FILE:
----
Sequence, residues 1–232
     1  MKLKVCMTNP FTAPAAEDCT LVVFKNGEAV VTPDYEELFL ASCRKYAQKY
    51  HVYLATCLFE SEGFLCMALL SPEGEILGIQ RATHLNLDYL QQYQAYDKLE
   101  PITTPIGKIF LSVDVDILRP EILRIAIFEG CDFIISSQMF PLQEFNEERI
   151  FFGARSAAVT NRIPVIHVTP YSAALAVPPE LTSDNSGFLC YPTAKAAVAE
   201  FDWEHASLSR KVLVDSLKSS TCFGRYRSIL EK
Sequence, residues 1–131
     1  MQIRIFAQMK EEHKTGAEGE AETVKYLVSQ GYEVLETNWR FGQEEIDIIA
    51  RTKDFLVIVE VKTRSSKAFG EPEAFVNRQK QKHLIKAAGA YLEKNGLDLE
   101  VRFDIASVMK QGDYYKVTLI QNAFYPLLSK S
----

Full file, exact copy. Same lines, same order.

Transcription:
Sequence, residues 1–232
     1  MKLKVCMTNP FTAPAAEDCT LVVFKNGEAV VTPDYEELFL ASCRKYAQKY
    51  HVYLATCLFE SEGFLCMALL SPEGEILGIQ RATHLNLDYL QQYQAYDKLE
   101  PITTPIGKIF LSVDVDILRP EILRIAIFEG CDFIISSQMF PLQEFNEERI
   151  FFGARSAAVT NRIPVIHVTP YSAALAVPPE LTSDNSGFLC YPTAKAAVAE
   201  FDWEHASLSR KVLVDSLKSS TCFGRYRSIL EK
Sequence, residues 1–131
     1  MQIRIFAQMK EEHKTGAEGE AETVKYLVSQ GYEVLETNWR FGQEEIDIIA
    51  RTKDFLVIVE VKTRSSKAFG EPEAFVNRQK QKHLIKAAGA YLEKNGLDLE
   101  VRFDIASVMK QGDYYKVTLI QNAFYPLLSK S